It's long been suspected that drinking a moderate amount of red wine offered the added benefit of lowering the risk of heart disease by reducing blood pressure.
A Dutch study has found that the chemicals in red wine believed to be responsible for the benefit in fact did not lower borderline or early-stage high blood pressure.
Ilse P.G. Botden, the lead researcher from the Erasmus University Medical Center in The Netherlands, said the findings do not support the idea that red wine polyphenols would account for the heart benefits of red wine consumption by lowering blood pressure.
Researchers used a double-blind placebo controlled study to make the determination. They included 61 individuals with borderline high blood pressure. They were asked to consume dairy drinks that contained either a placebo or red wine polyphenols, which are the antioxidant chemicals in red wine that were believed to benefit the heart.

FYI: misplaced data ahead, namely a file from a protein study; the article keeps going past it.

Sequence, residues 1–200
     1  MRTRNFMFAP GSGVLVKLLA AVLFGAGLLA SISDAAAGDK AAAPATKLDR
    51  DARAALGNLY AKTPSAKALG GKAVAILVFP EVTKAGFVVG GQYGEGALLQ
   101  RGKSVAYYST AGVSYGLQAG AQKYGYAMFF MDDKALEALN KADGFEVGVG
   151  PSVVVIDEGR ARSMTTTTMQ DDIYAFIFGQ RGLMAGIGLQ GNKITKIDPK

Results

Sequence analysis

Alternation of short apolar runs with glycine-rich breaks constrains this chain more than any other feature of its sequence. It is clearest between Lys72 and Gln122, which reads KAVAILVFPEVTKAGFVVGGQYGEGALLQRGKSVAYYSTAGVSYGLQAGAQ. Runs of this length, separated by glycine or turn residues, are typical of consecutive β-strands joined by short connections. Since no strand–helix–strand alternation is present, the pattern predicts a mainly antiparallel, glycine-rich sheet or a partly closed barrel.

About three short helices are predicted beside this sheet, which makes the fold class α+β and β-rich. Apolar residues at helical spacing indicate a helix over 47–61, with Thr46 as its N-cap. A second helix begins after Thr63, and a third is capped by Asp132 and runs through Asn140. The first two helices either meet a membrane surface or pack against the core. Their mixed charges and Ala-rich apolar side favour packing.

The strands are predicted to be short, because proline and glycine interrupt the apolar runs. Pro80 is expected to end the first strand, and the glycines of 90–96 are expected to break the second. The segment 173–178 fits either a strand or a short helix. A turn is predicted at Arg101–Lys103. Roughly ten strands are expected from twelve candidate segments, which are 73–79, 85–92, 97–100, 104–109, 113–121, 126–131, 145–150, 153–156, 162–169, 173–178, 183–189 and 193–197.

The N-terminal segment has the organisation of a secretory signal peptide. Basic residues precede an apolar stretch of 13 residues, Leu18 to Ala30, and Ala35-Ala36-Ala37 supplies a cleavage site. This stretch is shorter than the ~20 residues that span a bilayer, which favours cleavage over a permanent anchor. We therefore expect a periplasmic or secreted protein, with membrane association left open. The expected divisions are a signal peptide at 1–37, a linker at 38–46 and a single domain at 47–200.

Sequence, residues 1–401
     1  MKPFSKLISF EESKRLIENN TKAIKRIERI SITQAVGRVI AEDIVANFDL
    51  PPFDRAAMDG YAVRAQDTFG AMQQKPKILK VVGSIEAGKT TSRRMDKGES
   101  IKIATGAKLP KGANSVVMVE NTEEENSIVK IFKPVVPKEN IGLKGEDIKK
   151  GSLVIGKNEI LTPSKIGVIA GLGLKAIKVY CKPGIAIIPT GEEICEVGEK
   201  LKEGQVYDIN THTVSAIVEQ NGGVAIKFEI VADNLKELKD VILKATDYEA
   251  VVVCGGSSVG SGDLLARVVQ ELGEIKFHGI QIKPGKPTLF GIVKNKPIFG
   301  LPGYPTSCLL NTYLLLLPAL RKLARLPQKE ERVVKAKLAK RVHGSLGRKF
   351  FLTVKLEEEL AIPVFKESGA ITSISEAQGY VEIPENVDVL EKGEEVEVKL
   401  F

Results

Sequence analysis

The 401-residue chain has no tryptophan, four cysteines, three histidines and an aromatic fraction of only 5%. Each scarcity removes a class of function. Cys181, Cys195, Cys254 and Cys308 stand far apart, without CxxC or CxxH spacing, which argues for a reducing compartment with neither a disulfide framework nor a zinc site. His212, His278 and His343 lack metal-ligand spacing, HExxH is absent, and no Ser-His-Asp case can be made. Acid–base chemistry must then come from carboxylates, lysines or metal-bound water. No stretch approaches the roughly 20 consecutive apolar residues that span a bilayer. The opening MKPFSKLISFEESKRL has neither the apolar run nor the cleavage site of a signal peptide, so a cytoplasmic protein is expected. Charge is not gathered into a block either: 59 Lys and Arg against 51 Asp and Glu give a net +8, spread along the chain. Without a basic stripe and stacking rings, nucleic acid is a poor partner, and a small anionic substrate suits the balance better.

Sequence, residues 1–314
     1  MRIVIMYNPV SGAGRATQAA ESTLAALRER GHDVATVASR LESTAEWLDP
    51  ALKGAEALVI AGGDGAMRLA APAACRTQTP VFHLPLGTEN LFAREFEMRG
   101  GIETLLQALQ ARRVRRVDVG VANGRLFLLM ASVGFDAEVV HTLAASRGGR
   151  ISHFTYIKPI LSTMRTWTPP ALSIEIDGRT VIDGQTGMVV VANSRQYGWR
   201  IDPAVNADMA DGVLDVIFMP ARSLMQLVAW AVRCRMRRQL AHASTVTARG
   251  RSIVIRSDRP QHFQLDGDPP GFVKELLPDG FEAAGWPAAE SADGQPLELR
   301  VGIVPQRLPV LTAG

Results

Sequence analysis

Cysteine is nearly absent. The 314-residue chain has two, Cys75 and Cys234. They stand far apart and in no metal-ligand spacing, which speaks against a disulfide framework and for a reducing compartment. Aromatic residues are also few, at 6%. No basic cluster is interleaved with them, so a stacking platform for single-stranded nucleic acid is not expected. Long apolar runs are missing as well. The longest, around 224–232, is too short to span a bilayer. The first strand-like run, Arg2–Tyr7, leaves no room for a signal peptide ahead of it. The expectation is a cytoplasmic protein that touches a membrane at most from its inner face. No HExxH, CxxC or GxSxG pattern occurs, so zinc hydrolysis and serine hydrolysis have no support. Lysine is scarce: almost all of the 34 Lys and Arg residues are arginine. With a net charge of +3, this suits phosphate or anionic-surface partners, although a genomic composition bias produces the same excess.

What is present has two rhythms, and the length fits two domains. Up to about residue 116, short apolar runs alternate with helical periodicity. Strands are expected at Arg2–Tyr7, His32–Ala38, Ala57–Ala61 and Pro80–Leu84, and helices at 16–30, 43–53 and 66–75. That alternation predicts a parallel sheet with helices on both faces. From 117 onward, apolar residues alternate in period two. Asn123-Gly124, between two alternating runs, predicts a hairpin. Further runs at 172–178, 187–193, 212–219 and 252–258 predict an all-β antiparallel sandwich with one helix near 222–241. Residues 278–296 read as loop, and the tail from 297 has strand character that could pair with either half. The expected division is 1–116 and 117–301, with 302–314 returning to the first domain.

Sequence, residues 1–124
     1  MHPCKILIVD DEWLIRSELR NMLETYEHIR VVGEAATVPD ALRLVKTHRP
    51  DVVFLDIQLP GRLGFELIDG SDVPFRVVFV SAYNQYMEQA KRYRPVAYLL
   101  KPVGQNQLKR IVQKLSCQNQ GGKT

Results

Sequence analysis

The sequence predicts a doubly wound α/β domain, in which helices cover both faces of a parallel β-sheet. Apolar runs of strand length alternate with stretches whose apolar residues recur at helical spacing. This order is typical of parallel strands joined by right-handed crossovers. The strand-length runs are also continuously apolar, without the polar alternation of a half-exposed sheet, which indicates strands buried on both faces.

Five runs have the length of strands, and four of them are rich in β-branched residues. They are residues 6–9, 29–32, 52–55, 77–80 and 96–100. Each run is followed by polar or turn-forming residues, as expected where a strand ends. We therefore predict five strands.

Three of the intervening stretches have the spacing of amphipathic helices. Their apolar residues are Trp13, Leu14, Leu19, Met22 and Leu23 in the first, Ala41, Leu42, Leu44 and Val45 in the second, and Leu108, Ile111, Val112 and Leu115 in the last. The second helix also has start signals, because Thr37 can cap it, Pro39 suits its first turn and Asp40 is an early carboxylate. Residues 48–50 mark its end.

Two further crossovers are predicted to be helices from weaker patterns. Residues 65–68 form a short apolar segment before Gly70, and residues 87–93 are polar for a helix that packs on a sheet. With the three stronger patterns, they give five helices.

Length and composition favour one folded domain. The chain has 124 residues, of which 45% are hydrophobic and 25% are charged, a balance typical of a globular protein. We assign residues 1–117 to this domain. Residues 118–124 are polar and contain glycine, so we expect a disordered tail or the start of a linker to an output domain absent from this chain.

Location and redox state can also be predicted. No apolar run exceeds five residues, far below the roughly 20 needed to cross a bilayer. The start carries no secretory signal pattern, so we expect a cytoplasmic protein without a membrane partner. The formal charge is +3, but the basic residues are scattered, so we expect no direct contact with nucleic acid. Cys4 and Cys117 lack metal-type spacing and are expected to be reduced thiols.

After four weeks, they found that the individuals who drank an amount of polyphenols that was equivalent to about two or three glasses of red wine daily, showed no significant difference in blood pressure as compared to those who received the drinks containing the placebo.
Previous studies had indicated that drinking one or two glasses of red wine each day may be able to help lower blood pressure.
The research was recently presented in Orlando, Fla. at a scientific conference hosted by the American Heart Association.